A medication shown to shorten recovery times in severe COVID-19 cases will cost federal insurance plans such as Medicare $2,340 for a five-day course, reports the drugmaker.

Remdesivir received federal emergency use authorization in May and was then donated at no cost by Gilead Sciences to treat severely ill patients through the end of June. The company has now priced remdesivir “well below” the projected value of most patient treatments, wrote Daniel O’Day, chairman and CEO in an open letter published Monday. The pricing was set in part to speed the drug’s delivery by avoiding country-by-country price negotiations, he stated.

“Remdesivir … is the first antiviral to have demonstrated patient improvement in clinical trials for COVID-19 and there is no playbook for how to price a new medicine in a pandemic,” wrote O’Day.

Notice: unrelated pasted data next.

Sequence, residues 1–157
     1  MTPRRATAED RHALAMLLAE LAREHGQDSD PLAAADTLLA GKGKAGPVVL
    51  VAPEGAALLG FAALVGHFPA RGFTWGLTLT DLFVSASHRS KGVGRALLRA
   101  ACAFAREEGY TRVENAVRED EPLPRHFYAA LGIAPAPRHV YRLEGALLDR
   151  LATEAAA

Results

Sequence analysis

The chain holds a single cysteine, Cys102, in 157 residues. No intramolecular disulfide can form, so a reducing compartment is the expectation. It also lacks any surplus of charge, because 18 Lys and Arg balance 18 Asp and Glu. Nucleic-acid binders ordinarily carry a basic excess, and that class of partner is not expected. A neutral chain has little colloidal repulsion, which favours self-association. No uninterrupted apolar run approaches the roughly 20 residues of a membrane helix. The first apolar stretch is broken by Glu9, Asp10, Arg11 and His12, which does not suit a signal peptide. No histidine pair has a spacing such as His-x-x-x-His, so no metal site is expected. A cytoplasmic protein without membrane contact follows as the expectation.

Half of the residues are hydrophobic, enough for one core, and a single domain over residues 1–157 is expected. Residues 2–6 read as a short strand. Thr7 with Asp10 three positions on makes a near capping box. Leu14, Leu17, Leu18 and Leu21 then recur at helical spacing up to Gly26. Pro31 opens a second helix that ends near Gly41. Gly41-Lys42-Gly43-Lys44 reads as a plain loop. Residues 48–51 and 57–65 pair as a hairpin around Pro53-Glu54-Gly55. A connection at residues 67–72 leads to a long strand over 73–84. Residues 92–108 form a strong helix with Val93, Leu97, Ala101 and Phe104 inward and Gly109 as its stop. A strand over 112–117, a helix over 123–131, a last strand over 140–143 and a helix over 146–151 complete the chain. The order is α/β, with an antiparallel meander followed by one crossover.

But the drug may be overpriced considering that taxpayers have helped fund its development, some say. With that in mind, U.S. Representative Lloyd Doggett, a democrat from Texas, said it was “an outrageous price for a very modest drug.” 

In clinical trials, severely ill patients were shown to recover 31% faster than a placebo cohort when the drug was given relatively early in the illness. As yet, there are no drugs approved by the Food and Drug Administration to prevent or treat COVID-19.

Gilead has agreed that remdesivir be distributed to hospitals by the U.S. Department of Health & Human Services and the states through the end of September, 2020. Demand is expected to be high, supplies are currently limited, and federal officials wish to retain oversight, according to a Reuters report. In October, HHS will no longer manage distribution, the drugmaker reported.